Peranakan Music: Enjoying the universal language of Mandarina

Imagine hearing Chinese, Indonesian or Malay folk songs played using a combination of traditional instruments such as the guzeng (Chinese harp), kendang (Indonesian drums), suling Sunda (traditional bamboo flute from West Java), the violin, the erhu (Chinese cello) and the ulusi (Chinese pumpkin flute).

Better yet, see for yourself on Anthony's YouTube channel (

The so-called Peranakan music or Mandarina (Mandarin Indonesia) offers not just a unique mix of sounds, but enjoyable entertainment as well.

Embracing Peranakan culture

"I've released three pop albums in which we play western songs using traditional music, Chinese songs with Indonesian style and Indonesian songs using Chinese style. They were inspired by a trilogy of Mandarina taken from Chinese philosophies: fuk (good luck or good fortune), luk (wealth) and sau (longevity). I used it because I'm sure that it's a philosophy that everyone, not just the Chinese, can apply and take advantage of," said Anthony.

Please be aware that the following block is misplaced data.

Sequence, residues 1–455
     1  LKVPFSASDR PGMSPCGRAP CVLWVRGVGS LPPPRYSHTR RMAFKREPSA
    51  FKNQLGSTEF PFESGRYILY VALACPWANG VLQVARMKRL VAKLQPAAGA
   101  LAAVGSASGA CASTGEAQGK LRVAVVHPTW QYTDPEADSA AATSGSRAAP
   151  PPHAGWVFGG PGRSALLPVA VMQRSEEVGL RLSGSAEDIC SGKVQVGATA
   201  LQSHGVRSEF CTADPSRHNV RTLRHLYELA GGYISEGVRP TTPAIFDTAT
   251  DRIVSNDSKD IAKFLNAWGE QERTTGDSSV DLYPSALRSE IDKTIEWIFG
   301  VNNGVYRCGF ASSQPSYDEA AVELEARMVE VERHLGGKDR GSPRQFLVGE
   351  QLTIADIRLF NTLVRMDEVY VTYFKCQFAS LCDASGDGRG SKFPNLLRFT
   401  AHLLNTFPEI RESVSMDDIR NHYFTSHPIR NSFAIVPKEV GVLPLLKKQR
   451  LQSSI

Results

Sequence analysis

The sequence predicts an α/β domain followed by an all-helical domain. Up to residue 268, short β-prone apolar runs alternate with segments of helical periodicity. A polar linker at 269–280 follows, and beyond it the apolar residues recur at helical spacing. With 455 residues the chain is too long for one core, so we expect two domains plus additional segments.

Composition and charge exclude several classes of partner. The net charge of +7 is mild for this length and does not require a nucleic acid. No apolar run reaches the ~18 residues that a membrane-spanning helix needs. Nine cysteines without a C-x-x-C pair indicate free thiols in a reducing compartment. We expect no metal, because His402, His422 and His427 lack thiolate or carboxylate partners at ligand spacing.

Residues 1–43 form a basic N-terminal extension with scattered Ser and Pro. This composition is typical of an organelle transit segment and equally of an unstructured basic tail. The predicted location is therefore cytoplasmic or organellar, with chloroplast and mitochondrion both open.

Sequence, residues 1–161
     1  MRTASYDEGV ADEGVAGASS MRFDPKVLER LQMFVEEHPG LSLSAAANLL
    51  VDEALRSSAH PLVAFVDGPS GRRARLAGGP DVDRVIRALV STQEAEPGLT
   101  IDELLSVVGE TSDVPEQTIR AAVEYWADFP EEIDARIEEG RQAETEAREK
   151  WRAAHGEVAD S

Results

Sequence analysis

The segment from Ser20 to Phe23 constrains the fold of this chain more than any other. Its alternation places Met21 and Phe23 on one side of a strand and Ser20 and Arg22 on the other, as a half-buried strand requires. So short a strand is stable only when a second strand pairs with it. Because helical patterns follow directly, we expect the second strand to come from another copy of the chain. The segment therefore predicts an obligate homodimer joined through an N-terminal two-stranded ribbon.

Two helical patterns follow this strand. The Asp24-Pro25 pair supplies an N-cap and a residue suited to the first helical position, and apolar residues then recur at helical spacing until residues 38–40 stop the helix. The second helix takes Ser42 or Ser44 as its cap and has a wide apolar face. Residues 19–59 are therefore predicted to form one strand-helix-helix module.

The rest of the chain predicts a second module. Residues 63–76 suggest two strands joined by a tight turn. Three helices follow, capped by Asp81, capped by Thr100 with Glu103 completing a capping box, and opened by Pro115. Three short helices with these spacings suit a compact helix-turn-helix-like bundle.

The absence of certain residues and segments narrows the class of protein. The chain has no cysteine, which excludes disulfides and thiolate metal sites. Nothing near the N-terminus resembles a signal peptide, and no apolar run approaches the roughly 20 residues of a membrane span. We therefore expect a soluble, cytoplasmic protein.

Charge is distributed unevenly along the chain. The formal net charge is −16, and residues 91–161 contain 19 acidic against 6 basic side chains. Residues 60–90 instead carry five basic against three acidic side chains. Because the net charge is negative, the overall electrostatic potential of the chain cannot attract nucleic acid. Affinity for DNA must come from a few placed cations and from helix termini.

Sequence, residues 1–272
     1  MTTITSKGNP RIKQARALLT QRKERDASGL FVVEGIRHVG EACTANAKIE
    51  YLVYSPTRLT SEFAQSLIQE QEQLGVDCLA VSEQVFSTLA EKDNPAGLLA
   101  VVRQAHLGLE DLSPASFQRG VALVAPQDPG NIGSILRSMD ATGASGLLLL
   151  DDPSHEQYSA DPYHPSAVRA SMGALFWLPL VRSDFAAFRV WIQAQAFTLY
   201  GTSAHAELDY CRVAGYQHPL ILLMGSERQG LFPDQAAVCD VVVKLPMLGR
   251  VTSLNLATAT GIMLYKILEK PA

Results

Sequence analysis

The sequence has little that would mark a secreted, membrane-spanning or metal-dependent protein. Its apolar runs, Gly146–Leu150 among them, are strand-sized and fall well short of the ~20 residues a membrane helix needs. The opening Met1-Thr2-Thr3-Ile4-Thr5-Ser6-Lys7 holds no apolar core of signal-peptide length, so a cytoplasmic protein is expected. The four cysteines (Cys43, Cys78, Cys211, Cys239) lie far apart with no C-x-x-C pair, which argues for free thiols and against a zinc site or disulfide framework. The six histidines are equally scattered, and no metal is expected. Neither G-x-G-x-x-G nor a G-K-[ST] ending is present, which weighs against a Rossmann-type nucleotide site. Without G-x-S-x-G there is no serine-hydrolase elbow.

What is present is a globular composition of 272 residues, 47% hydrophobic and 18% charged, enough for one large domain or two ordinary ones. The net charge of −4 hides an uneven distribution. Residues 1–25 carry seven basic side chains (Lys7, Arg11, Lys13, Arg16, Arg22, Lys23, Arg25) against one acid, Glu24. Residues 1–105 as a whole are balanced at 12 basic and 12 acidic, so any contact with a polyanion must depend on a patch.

In his studio in Bandung, which is also his hometown, he has a collection of over 100 traditional instruments.

"But We only actively play with about 50 of the instruments," Anthony said. Since he usually performs with 10 to 20 band members, each person will play more than one instrument.

When The Jakarta Post Travel met him, he brought along two of his newest traditional instruments. The first one is a bracelet made of beans.

When he wiggles his wrist, the bracelet produced a one-of-a-kind sound.

"I found it in a traditional market in Bali. I was sort of destined to find it since the beans only grow during particular seasons so the craftsmen rarely make them,” Anthony said. The other instrument comprises a couple of huge and dried petai (bitter beans) from Kalimantan that a friend gave him. The dried beans inside create a singular sound as well when shaken.

Having played music since 1992, Anthony still has many projects in mind to introduce Mandarina to the world. One of them is selling music under Mandarin jazz genre from China to attract the country's young people.

"We have so many products from China in Indonesia. Now I want to sell our music to them," he said, smiling.

Read also: Seven hidden Peranakan dishes